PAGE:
The controversial London flotation of Eurasian Natural Resources Corporation in 2007 faced an 11th hour hurdle after lawyers and auditors found evidence that financial records at the Kazakhstan-based miner had been falsified or destroyed, according to people familiar with the matter.
At least one director of the FTSE 100 company was so concerned about the revelations that they considered whether the initial public offering should be put on hold, one person familiar with the matter said.
Another person involved with ENRC at the time added: “There was a question over whether we should go ahead.”
The Kazakh miner is now the subject of a criminal investigation by the Serious Fraud Office, primarily over whistleblowing allegations made since then amid criticism of the standards of London listing rules.
A few weeks before its December 7 2007 float, ENRC received a report commissioned from Herbert Smith into a network of sales intermediaries in Russia. This set out evidence the law firm said was uncovered by PwC, ENRC’s auditors, of the falsification of audit data in Russia and the destruction of records relating to cash payments to the three Central Asian oligarchs who still have big stakes in ENRC.
An adviser involved with ENRC at the time of the listing said the problems with Russian trading were considered by UK Listing Authority while vetting the oligarchs – Alexander Mashkevich, Patokh Chodiev and Alijan Ibragimov – as directors of the company. He said this had been seen as a last-minute hitch to the deal.
“They [the UKLA] saw a lot of red flags,” he said. The other person familiar with the float said: “[Directors] were told by PwC and the banks that there might be a problem.”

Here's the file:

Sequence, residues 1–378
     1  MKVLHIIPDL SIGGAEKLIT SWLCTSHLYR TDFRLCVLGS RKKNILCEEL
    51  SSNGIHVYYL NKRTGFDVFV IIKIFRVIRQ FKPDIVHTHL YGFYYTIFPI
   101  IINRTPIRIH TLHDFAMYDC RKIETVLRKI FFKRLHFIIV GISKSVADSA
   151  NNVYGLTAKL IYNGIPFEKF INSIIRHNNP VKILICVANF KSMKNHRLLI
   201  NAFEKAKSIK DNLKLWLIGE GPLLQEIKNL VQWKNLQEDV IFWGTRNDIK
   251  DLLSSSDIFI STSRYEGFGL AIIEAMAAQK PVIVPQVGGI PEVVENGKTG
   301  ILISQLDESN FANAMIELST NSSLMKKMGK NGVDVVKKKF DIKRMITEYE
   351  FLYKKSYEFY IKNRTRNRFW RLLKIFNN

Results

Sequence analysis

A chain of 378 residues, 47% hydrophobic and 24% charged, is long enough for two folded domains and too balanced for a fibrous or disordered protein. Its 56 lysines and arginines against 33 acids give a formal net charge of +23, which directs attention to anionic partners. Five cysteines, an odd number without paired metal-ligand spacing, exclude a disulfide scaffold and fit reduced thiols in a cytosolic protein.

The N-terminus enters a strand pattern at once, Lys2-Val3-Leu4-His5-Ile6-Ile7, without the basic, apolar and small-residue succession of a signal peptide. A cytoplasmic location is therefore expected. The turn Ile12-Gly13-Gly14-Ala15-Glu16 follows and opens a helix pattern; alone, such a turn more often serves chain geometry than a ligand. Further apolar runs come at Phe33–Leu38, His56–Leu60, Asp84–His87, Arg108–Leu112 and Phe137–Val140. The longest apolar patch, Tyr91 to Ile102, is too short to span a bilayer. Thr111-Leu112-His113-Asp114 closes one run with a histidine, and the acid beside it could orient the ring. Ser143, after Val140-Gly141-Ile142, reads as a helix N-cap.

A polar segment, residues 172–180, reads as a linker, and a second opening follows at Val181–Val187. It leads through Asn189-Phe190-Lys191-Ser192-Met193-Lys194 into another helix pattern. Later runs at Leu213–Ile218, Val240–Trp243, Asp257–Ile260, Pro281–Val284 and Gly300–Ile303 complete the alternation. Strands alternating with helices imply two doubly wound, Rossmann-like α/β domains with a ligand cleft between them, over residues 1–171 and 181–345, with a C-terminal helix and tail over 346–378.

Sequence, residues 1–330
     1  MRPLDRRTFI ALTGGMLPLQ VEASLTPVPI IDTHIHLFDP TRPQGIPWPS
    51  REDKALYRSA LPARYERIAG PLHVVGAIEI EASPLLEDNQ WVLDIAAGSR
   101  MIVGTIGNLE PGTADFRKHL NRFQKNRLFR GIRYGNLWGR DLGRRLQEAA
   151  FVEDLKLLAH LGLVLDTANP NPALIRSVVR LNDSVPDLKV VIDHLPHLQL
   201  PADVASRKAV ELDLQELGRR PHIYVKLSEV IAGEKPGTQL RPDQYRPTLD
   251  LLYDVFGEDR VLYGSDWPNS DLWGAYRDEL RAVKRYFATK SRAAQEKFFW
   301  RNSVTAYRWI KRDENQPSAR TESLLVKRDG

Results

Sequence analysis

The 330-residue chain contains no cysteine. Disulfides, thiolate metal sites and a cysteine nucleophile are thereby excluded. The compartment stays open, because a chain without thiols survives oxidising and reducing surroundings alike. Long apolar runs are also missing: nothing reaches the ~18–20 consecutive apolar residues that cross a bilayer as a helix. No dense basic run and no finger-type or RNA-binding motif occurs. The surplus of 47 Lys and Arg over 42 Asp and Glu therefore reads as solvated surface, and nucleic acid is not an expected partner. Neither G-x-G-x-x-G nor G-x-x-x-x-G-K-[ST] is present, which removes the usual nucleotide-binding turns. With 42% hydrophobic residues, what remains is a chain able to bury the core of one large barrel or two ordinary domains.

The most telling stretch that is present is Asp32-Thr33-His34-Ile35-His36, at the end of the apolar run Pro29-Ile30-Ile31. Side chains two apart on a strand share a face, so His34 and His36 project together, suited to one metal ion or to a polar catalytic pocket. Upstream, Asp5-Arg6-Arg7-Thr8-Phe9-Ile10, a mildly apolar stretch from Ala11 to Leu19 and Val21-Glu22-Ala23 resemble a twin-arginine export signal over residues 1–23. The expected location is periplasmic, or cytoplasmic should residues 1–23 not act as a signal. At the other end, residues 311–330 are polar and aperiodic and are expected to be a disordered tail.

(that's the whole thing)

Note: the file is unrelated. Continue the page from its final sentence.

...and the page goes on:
The Herbert Smith report, part of which has been seen by the FT, stated that Russian sales intermediaries sold $870m of minerals in 2004-2006. It said sales agents collected part of each payment in cash to pass on to the three oligarchs who still have big stakes in ENRC. An employee who collected this money first told Herbert Smith investigators that he had destroyed related records, and later that he had kept none.
On the issue of audit data, the law firm stated that confirmations of sales figures sent to PwC, supposedly from 32 different businesses, all arrived on the same day, bearing addresses written in the same handwriting and having all been posted at roughly the same time in Moscow.
According to the report, PwC contacted two purchasers of ENRC commodities that had purportedly sent audit confirmations for 2006. Neither knew anything about it, Herbert Smith concluded.
Moreover, large volumes of data were wiped from computers in the Moscow office of ENRC, states the report, dated September 25 2007. According to one named witness, a manager “asked employees to leave their computers switched on . . . so that information could be deleted due to the impending IPO”.
This week, ENRC said the Russian sales network was “thoroughly investigated prior to the IPO, the investigation was closed and all allegations of wrongdoing were dismissed”.
Deutsche Bank, which advised the company on the float, Herbert Smith, PwC and the UK Listings Authority all declined to comment.
Herbert Smith found no evidence that ENRC or its management knew about the false audit confirmations or to suggest that, excepting one named employee, “reliance [could] not be placed upon the representations for audit purposes of current management”.
The flotation went ahead after PwC signed off financial data in the prospectus as “true and fair”. The “historic” Russian sales system is described in detail on page 16, among other “risk factors”. The falsification of audit confirmations is disclosed separately in a single paragraph on page 217 in “Part XIII: Additional Information”, which also states “much” of the deleted data were recovered.
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